As a result, Lieber is committing $6.2 billion in 2021 toward capital projects and that means the Long Island Rail Road will see track work and new equipment and railcars, along with the replacement of the Cherry Valley Road Bridge in Garden City, additional work on East Side Access and some superstorm Sandy-related improvements. On the subways, the MTA is focused on making additional stations accessible.

Lieber hopes to grow the program further, depending on how quickly the funding sources come back and how the economy rebounds.

"We can push this number up billions more," Lieber said.

—Randi F. Marshall @RandiMarshall

Pencil Point

Keep your distance

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Final Point

Everything’s settled, except what isn’t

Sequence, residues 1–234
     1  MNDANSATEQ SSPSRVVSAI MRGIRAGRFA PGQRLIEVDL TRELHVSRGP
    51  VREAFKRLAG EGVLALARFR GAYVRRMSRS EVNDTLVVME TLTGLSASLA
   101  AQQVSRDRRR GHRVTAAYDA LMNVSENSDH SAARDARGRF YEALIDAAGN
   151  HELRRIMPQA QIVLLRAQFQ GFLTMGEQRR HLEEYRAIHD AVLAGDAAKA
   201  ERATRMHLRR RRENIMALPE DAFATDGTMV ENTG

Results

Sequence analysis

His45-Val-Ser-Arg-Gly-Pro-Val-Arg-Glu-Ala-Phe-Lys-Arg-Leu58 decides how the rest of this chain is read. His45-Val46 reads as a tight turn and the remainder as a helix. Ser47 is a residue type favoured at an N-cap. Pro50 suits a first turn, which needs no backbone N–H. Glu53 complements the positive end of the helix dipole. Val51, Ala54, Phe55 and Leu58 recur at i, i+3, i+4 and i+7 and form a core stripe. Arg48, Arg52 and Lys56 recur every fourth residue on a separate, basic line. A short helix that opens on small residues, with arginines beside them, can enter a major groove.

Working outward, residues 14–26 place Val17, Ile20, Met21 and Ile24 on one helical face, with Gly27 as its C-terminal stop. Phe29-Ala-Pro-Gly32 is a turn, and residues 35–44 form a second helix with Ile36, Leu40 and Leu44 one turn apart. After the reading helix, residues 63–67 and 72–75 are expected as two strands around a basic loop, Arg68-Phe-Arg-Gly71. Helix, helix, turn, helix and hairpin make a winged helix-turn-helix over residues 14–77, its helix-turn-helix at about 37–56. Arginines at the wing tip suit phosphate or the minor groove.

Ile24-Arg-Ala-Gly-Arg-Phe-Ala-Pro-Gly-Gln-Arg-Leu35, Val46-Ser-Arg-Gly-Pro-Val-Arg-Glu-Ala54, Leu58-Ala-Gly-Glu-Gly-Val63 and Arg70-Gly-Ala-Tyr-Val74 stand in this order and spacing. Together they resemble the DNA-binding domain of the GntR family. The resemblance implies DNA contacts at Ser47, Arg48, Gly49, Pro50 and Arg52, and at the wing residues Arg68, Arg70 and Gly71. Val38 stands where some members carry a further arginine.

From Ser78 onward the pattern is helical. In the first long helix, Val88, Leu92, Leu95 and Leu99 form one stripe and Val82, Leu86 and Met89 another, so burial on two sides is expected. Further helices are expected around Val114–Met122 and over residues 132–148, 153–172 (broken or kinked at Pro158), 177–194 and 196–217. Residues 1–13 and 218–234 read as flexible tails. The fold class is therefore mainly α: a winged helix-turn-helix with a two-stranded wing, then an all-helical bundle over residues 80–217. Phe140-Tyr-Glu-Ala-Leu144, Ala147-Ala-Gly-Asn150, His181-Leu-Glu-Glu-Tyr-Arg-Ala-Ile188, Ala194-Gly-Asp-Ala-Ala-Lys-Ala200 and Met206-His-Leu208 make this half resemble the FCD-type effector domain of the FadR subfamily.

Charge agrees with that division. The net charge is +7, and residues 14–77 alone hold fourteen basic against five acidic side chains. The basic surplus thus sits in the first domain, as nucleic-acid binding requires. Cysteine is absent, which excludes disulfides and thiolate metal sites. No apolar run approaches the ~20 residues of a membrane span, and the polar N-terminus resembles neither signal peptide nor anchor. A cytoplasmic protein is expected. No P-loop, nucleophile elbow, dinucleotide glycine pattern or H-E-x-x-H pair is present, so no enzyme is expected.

Huntington Town Board member Eugene Cook officially announced his candidacy for supervisor on Thursday night, almost certainly setting the table for a primary battle with current Republican Supervisor Chad Lupinacci.

Although Lupinacci has said repeatedly that he is running, Huntington GOP Chairman Tom McNally has not yet released the party’s slate of designated candidates for the upcoming race. He told The Point on Feb.10 they would be released by Feb.12.

Lupinacci has been under fire because of a lawsuit from former Assembly staffer Brian Finnegan claiming Lupinacci sexually assaulted him while the two were in an Albany hotel room. Cook conducted a phone poll this week that both attacked Lupinacci and asked residents whether the accusations against Lupinacci would affect their vote.